If I am low and gas and go to the nearest gas station and and that station is say 10 -c- costlier than another one I know (say Costco), which is further away. I might just decide to fill up at the costlier gas station as the hassle of filling just enough to get me though the day, till I can go to Costco, may not be worth it. In EVs, if you are very costly, I might just charge up enough to get me home and I can charge at night.

    Further, there is a time element. In a gas station, (going back to my industrial engineering roots), I have to get the car in position, pay for the gas and then start the filling up process (the setup time). The difference in time between filling up half the tank and the full tank maybe 1-3 minutes as set up time is the same for both. Hence there is a greater incentive to fill up the tank, even if price is higher. In EV, the time between 40% charge and 80% charge could be say, 15 to 40 minutes (again highly variable depending on charger and car). So if you rates are very high, I may get the minimum charge I need, till I can charge again later. If they are not that high, I might charge more than the minimum.

    So pricing for EV charging is more complex due to supply and demand issues. Yes you need to charge enough to maximize your profit, but you may not be able to charge a lot, as that might actually drive down revenue (less usage). It is a balancing game.
    NeilBlanchard likes this.
  11. David Green

    David Green Well-Known Member

    You have some interesting observations, but since I grew up running a convenience store, I’m afraid I might know a little bit more about this business than you do. Back in the days I was a teenager, we were selling gas for $.99 a gallon, and making a gross profit between one and three cents a gallon. Gas prices in the area were very competitive, and the other stores were always trying to sell as cheap as possible. Now you may ask why we sold our gas so cheap? Well, everything else in the store had a 35% margin, and we used gas to bring people in the door because the average person would grab a candy bar, a gallon of milk, or a 12 pack of beer while they were getting gas. As we added products to the store, we just increased our take from each customer that came through the door. I would look at EV chargers exactly the same way, I only want people to stop and charge for a few minutes to get what they need, come in the store and get the gallon of milk, and a 12 pack of beer, and then move on down the road and let the next person get to my charger . The whole idea of a gas station/convenience store, is to be convenient, people are not going to get all of their supplies/food there. This is exactly what Costco does with their gas nowadays, they use their inexpensive gas to attract customers to the store where they make a higher margin on the products inside . I would never consider EV charging to attract customers, because that means you’re giving it away too cheap, it’s better to be a convenient stop for somebody just needs a few miles of range and stays for a few minutes and then you make money on their gallon of milk and 12 pack of beer . I do not want the people to stay and plug up my charger, because it fills my parking lot and other people that want a 12 pack of beer or gallon of milk cannot find a place to park . Think about this for a few minutes , And note that Costco has not put any chargers in, do you wonder why? Costco does not want to offer charging because they don’t want their parking lot full of cars that sit there for hours at a time . Most of the Costco’s in my area are super busy, and if you go on the weekend it’s hard to find a parking spot, imagine if you had a bunch of EV’s taking up spots for long periods of time .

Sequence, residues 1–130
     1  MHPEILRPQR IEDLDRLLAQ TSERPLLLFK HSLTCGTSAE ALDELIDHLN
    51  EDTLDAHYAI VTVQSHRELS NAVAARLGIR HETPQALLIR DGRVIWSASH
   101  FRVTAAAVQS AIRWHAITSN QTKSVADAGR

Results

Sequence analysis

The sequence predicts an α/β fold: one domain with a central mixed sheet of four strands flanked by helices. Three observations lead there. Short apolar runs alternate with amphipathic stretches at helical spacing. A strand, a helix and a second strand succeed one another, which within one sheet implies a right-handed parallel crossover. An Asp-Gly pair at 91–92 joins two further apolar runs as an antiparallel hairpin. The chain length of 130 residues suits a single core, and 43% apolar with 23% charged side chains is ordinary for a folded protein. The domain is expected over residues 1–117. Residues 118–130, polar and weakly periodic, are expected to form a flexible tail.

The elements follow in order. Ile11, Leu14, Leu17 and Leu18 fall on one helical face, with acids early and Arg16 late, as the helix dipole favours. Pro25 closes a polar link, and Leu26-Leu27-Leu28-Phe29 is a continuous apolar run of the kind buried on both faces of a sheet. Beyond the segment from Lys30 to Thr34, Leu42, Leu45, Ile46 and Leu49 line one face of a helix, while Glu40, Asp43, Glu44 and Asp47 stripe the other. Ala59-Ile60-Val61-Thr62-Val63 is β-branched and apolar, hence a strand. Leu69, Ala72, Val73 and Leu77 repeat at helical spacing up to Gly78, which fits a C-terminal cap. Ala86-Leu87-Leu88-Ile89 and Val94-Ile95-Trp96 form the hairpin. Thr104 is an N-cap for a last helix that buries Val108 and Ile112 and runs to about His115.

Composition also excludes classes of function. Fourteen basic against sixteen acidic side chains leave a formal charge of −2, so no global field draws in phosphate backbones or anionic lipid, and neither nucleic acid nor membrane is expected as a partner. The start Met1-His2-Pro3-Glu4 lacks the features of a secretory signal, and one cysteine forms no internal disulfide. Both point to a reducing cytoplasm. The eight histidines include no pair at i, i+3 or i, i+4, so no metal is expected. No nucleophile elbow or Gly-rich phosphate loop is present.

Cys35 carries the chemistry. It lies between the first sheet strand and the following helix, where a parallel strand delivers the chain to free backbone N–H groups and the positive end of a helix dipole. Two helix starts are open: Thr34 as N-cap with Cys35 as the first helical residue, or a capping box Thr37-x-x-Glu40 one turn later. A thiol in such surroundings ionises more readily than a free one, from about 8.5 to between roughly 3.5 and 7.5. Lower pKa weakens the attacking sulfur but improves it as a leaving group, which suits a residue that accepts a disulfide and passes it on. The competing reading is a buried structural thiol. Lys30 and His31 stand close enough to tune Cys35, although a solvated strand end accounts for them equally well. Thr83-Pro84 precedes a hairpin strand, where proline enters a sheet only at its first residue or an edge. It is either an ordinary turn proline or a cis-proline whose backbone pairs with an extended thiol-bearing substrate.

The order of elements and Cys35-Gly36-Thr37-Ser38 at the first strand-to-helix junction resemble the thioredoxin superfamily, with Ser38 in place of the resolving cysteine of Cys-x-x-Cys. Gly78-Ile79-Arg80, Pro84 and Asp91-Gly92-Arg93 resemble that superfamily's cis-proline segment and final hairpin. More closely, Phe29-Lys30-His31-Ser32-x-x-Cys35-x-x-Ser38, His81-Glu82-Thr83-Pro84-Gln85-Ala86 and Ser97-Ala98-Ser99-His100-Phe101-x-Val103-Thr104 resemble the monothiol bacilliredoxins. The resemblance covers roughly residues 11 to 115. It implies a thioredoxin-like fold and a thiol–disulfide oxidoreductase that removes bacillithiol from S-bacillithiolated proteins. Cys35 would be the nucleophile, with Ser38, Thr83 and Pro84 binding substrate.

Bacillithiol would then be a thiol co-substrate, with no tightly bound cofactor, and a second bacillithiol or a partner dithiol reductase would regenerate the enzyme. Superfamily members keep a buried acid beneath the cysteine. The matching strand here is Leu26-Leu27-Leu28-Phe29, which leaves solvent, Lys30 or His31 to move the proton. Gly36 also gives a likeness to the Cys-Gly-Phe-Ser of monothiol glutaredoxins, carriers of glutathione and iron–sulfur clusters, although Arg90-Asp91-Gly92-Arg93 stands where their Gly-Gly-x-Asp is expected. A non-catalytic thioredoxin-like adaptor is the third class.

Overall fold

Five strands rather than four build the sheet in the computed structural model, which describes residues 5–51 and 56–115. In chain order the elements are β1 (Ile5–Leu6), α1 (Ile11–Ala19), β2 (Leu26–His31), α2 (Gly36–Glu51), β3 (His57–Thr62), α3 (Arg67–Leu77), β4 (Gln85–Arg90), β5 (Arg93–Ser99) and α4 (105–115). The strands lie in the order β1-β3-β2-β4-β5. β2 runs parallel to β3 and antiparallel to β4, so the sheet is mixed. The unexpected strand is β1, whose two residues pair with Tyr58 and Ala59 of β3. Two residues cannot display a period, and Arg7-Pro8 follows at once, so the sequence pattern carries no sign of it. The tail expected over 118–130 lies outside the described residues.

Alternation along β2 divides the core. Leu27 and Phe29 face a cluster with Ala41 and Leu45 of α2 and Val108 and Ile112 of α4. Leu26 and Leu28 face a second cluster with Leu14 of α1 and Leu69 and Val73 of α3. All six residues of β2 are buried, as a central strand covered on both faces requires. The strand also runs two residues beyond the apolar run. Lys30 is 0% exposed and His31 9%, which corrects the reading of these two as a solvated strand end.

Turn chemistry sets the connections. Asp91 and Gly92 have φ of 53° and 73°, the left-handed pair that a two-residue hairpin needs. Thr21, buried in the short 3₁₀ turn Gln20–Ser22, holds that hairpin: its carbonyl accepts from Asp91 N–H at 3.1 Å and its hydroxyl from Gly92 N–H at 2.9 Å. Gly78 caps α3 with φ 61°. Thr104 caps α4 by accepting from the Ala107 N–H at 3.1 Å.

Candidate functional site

We also made the mistake of putting in a high-volume diesel pump in our convenience store, and sold the diesel also at a very low margin. We started getting a lot of independent truckers stopping for fuel, which plugged up our parking lot, which we easily fixed by lowering the volume of the pump there by slowing down their fueling, and the independent truckers went away.

    I think convenience stores should put in one or 2 DC fast chargers in each location, and set the price a bit high, and have the price go skyward after 10 minutes of charging, to encourage people to leave ... they can only buy a candy bar, gallon of milk, or 12 pack of beer for so long. People driving a EV, but need a little bit of extra range, do not really care what it cost to get the range they need, And if they can make a stop, and pick up their milk or beer, you get the point?
    Re-Volted likes this.
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  13. interestedinEV

    interestedinEV Well-Known Member